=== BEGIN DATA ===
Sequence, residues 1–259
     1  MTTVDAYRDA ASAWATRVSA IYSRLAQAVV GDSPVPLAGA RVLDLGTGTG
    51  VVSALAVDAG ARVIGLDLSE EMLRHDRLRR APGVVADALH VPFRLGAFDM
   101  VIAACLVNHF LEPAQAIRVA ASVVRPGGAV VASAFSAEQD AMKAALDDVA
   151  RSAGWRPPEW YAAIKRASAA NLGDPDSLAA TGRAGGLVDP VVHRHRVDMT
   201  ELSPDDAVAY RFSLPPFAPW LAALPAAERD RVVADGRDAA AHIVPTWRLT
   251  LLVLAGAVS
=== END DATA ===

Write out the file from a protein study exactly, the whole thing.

Sequence, residues 1–259
     1  MTTVDAYRDA ASAWATRVSA IYSRLAQAVV GDSPVPLAGA RVLDLGTGTG
    51  VVSALAVDAG ARVIGLDLSE EMLRHDRLRR APGVVADALH VPFRLGAFDM
   101  VIAACLVNHF LEPAQAIRVA ASVVRPGGAV VASAFSAEQD AMKAALDDVA
   151  RSAGWRPPEW YAAIKRASAA NLGDPDSLAA TGRAGGLVDP VVHRHRVDMT
   201  ELSPDDAVAY RFSLPPFAPW LAALPAAERD RVVADGRDAA AHIVPTWRLT
   251  LLVLAGAVS